A construction accident in Manhattan earlier this month sent debris tumbling at a jobsite along West 57th Street. According to investigation documents, at around 8PM on January 21st emergency crews were called to an unspecified accident at a lot in Manhattan. When they arrived, firefighters learned that an exterior elevator had somehow broken free and struck the side of the building while loaded with construction materials. The materials spilled from the swinging elevator platform and came crashing to the ground from a height of almost 30 stories.
A jobsite on the Upper West Side was shut down last month after the Department of Buildings investigated a massive concrete spill at the site. The construction accident in New York City left 3 cubic yards of concrete-enough to fill the back of a pickup truck three times (roughly 600 gallons or roughly 12,000 pounds) spewed across the work site.
A new study found that the number of fatal construction accidents in New York City hit a 14-year high in 2016. After several years of stable (or even decreasing) numbers of deadly jobsite accidents in New York, the danger that workers find themselves in has exploded. Indeed, workers at jobsites across New York State die at much higher rates than almost anywhere else in the nation. With fatality rates 4.6 times higher in the construction compared to average jobs, it's clear that the industry does indeed need to rethink its commitment to safety and to examine what's causing this increase.
A tragic construction accident in Manhattan last month claimed the life of a worker who was working inside the elevator shaft inside a building located at 111 E. 24th Street. Just after 9AM on January 23rd the 33-year old victim lost his balance and fell from the ninth floor of the jobsite. The worker was installing a car inside the shaft of the 12-story project (which is slated to become a new high-rise hotel).
A construction worker was killed at a jobsite in Chelsea when a metal bracket came loose from scaffolding and hit him in the head. The deadly construction accident in New York City is just the latest in a long line of unnecessary and preventable "accidents" at jobsites around the city when the safety of workers is not taken seriously.
A construction accident in Brooklyn left six workers injured earlier this month. The men were working inside a vacant building which was undergoing extensive renovation when the roof of the apartment collapsed. The roof was fully loaded with cinder blocks and other building materials at the time it caved in. The weight of the debris came crashing down, smashing through every floor of the three-story building until finally coming to a stop in the basement. The collapse of cement, wood, and metal turned the interior of the apartment into a giant sinkhole.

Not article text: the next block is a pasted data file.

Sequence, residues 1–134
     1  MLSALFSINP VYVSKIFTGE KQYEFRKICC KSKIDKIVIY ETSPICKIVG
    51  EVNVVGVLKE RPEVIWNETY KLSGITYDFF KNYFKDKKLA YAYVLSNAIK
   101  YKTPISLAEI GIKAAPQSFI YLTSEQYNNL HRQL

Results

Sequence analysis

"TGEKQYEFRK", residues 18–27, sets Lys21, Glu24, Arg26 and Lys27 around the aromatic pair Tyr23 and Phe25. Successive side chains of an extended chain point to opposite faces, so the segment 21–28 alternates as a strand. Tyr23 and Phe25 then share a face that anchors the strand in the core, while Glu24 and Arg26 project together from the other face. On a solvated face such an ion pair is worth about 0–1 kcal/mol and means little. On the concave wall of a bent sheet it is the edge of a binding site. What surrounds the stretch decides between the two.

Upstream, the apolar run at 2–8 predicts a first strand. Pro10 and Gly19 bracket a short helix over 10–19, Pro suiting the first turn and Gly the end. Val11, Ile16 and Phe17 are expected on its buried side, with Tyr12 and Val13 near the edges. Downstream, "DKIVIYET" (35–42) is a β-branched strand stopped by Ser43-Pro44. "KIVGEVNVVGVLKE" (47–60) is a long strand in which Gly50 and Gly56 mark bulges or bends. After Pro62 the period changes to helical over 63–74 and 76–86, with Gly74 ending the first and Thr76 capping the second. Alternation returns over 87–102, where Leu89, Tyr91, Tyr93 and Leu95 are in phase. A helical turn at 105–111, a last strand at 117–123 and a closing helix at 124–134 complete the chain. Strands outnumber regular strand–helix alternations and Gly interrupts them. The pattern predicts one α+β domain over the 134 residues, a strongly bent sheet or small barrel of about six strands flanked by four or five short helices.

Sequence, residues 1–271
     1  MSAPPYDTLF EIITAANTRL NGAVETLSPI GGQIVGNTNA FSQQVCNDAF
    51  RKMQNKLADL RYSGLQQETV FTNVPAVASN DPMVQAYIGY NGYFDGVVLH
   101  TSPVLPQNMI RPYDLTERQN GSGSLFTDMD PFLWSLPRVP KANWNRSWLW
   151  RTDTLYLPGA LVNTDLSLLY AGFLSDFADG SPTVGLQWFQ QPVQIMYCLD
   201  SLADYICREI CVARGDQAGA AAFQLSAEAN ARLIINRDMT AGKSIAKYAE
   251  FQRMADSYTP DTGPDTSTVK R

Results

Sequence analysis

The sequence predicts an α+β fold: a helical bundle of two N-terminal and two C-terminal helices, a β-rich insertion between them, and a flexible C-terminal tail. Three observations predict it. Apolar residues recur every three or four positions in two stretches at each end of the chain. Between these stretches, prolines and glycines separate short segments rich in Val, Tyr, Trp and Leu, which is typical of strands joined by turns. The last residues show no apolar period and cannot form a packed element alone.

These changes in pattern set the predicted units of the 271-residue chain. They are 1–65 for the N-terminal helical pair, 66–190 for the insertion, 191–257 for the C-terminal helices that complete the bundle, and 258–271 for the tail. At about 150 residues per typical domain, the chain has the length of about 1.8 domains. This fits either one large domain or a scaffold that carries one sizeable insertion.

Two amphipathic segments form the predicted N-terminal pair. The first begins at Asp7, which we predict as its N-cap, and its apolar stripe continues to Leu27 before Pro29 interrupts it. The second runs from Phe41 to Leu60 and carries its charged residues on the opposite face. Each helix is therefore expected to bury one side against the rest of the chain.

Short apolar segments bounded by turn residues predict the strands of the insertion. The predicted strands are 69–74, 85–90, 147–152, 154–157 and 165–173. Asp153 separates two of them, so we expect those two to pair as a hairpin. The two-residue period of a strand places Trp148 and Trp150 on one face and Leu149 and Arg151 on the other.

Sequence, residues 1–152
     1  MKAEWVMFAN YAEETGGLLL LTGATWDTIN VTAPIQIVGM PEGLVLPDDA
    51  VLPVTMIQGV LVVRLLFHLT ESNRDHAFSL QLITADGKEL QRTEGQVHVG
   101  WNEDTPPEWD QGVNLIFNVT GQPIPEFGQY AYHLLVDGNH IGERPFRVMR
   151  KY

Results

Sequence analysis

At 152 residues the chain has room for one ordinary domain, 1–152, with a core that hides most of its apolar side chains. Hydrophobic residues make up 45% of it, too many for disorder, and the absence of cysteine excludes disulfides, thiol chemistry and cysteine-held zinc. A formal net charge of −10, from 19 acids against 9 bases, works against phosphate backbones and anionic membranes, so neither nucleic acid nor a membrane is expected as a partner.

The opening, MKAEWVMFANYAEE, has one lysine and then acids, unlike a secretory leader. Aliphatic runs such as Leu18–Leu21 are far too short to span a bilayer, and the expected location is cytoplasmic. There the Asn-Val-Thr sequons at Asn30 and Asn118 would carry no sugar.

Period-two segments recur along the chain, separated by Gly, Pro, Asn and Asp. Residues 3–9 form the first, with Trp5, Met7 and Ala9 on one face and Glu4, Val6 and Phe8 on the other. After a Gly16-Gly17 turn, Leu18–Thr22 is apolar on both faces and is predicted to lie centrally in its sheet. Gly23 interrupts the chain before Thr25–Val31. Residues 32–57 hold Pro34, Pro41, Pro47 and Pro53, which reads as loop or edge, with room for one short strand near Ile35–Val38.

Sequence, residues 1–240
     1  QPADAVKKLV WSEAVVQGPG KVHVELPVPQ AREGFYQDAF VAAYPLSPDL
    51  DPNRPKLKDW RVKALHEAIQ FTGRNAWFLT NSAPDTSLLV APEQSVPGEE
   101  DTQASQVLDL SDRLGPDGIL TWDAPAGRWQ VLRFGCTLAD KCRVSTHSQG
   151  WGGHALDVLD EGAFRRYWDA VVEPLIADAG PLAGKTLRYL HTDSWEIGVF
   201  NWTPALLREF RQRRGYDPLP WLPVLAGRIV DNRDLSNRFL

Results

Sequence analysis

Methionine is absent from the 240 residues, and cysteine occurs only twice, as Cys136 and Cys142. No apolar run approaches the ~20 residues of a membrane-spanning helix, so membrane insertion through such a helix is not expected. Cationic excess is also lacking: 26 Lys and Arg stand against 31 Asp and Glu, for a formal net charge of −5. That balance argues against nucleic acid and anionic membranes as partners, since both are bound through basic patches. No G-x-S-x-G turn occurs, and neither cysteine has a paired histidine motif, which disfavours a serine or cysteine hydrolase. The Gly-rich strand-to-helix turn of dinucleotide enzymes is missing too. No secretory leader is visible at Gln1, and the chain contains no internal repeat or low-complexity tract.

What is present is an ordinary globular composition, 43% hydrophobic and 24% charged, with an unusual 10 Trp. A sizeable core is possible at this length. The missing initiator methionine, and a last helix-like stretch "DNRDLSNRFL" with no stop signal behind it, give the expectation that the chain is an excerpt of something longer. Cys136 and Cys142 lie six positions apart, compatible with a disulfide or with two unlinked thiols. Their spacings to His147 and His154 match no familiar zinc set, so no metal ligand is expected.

It's no secret that construction is a dangerous job but any time the pressure to meet a deadline or come in under budget outweighs the safety of individuals accidents are bound to happen. Unfortunately, that truth was illustrated with tragic clarity late last month as two separate fall from heights accidents in New York City killed two workers in one day.
A construction worker was injured in a scaffolding accident in Manhattan earlier this month while working on the facade of a building in Midtown. The worker fell multiple stories from the scaffolding erected at the site. The accident occurred just before ten in the morning and rescue crews arrived within minutes. Although the injured worker landed on a safety net high up on the building, rescue workers were eventually able to lower him to the 15th floor of the building and carry him down from there.
A terrifying apartment complex accident in the Bronx left an elderly lady bleeding and struggling for her life on the sidewalk in Claremont on July 20th. The 66-year-old was sitting on the steps of her apartment complex, enjoying the afternoon with her granddaughter when several bricks fell from the building and struck her in the head. She collapsed to the sidewalk and was barely responsive-bleeding from several wounds-when rescue crews arrived.
A construction worker was rushed to the hospital after a ladder accident in Queens last month. The unnamed individual was working at a jobsite near 80th Street and Broadway, in Elmhurst, when he fell off a ladder, tumbling roughly 7 feet to hard concrete below. The jobsite is the future home of a 20-story apartment building owned by Friedland Properties.